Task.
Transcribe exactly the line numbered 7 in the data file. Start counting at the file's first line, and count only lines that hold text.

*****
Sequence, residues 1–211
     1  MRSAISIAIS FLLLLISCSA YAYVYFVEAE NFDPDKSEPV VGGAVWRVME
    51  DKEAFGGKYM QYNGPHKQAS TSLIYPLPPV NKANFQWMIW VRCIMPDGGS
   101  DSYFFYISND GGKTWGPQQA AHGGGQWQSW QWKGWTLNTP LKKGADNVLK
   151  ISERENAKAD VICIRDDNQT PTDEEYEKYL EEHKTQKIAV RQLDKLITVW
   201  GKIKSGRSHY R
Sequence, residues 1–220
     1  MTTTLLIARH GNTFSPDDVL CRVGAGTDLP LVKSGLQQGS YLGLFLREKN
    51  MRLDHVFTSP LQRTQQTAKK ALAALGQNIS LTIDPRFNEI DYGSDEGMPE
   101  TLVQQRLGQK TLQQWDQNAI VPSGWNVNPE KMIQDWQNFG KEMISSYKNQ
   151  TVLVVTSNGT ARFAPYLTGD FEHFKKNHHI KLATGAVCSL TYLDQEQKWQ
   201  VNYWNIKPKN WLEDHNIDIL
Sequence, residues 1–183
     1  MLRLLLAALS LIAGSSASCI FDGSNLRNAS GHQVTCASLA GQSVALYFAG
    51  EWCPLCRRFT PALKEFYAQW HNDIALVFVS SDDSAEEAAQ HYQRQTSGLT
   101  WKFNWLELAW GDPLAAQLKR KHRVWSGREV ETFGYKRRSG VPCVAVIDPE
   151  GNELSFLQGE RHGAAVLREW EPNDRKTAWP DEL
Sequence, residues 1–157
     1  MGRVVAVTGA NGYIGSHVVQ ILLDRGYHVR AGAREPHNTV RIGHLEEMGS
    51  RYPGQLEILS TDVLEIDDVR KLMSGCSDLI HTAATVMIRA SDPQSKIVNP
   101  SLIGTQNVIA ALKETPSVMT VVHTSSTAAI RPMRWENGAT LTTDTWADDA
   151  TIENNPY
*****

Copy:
Sequence, residues 1–220